This is the day that … Niklaus Ludwig von Zinzendorf was born, in 1700.
Born to an aristocratic German family Count Zinzendorf is described as the Rich Young Ruler who said ‘Yes’. At age 6 he impressed people with his prayers. At age 20 he felt the call do whatever Christ asked, no matter the cost. At age 22, as heir to one of Europe’s leading royal families, he opened his property to refugees.
Starting with a group of ten that arrived in December, 1722, Zinzendorf was hosting ninety by May of 1725, and over 300 by late 1726. The community was given the name “Herrnhut”, meaning “The Lord’s Watch.” In little time it grew into a small city of Christian citizenry. From here a number of missionaries went forth to evangelise. This was the beginning of the Moravian movement, which would later play a part in the conversion of John Wesley.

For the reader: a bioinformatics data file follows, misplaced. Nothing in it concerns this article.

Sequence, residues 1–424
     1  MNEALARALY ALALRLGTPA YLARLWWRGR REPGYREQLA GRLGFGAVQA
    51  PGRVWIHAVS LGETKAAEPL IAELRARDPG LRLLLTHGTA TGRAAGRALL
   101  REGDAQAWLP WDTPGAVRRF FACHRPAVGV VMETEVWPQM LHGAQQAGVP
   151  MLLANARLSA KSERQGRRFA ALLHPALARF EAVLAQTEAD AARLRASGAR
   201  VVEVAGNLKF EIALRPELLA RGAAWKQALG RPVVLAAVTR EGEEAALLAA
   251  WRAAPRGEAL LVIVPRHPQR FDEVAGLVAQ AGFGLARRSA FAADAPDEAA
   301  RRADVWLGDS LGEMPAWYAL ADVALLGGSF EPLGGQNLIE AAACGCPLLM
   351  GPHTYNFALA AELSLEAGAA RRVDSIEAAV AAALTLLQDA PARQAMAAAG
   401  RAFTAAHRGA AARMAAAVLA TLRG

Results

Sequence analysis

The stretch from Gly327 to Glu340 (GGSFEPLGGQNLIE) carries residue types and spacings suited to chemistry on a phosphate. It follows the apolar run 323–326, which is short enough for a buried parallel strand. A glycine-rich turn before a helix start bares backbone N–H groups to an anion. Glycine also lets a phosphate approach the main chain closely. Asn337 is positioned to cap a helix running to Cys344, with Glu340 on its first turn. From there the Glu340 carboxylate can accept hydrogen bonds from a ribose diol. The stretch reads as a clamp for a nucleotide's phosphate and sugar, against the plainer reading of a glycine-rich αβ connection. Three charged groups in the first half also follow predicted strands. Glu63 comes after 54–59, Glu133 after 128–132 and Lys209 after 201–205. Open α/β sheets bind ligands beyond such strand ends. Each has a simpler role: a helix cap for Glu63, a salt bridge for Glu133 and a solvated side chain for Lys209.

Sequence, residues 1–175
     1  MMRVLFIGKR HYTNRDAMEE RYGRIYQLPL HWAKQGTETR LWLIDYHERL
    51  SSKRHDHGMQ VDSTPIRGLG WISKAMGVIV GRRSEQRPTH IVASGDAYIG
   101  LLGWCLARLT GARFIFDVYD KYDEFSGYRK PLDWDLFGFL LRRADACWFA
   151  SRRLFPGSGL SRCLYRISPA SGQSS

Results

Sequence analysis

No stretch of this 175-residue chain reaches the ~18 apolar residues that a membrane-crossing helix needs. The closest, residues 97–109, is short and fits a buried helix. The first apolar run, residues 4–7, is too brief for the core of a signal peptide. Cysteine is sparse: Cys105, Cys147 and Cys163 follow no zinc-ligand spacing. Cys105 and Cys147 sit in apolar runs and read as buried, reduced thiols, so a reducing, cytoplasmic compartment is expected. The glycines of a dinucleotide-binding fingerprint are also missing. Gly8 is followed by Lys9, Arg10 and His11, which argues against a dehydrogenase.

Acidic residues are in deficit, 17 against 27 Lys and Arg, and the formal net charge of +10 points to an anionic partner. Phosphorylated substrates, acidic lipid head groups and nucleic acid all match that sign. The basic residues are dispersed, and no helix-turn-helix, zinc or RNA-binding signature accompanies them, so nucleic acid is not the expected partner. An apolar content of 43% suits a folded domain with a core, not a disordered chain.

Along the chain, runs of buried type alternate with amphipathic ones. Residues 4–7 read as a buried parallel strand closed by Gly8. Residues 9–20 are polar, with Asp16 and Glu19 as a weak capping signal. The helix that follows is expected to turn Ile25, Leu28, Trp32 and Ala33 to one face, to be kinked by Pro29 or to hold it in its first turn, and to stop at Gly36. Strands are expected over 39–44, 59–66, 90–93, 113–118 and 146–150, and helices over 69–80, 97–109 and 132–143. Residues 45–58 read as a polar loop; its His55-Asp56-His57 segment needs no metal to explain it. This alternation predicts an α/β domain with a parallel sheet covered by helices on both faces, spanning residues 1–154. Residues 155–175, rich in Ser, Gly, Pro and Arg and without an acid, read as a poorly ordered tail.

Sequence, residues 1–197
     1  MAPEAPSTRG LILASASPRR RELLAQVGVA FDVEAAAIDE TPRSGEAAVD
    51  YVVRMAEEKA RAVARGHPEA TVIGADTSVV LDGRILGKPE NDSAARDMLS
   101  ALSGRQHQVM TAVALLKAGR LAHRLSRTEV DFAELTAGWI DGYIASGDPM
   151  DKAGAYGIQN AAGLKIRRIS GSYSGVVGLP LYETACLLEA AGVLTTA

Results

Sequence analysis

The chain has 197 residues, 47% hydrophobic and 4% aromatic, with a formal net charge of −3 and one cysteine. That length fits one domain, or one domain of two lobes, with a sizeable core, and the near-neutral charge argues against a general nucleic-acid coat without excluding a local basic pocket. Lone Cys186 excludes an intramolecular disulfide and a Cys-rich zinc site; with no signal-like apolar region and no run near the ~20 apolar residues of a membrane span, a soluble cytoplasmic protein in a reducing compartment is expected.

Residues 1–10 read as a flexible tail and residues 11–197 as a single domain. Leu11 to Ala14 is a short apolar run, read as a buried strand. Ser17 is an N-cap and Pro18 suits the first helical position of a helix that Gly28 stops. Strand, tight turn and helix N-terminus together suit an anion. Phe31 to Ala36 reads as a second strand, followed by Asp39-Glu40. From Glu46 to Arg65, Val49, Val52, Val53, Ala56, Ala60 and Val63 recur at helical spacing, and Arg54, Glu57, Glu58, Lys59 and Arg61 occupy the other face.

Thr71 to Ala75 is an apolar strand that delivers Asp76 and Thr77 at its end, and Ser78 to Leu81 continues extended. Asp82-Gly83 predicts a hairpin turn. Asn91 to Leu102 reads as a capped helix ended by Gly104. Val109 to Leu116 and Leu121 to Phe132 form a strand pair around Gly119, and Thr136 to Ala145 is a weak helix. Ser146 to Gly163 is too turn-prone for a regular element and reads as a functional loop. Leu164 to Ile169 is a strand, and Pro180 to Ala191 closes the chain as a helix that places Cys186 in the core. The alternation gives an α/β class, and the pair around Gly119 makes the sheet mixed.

Zinzendorf renounced his life as a nobleman and is rightly regarded as “one of the greatest missionary statesmen of all times”.
Yet, one author speaks of his “arrogance and conceit” and the gruesome obsession” with our Lord’s physical sufferings which temporarily nearly wrecked this missionary movement (From Jerusalem to Irian Jaya, by Ruth Tucker).
From his pen came 2000 hymns, many of which still appear in church hymnals, including:
Jesus, Thy blood and righteousness,
my beauty are, my glorious dress.
’midst flaming worlds in these arrayed,
with joy shall I lift up my head!
The Moravian community was well organised but soon fell into jealousy, division and discord. Zinzendorf sought to address this and in August 1727 the community was moved to repentance and experienced a powerful outpouring of the Holy Spirit.
Zinzendorf died in Herrnhut on 9 May, 1760.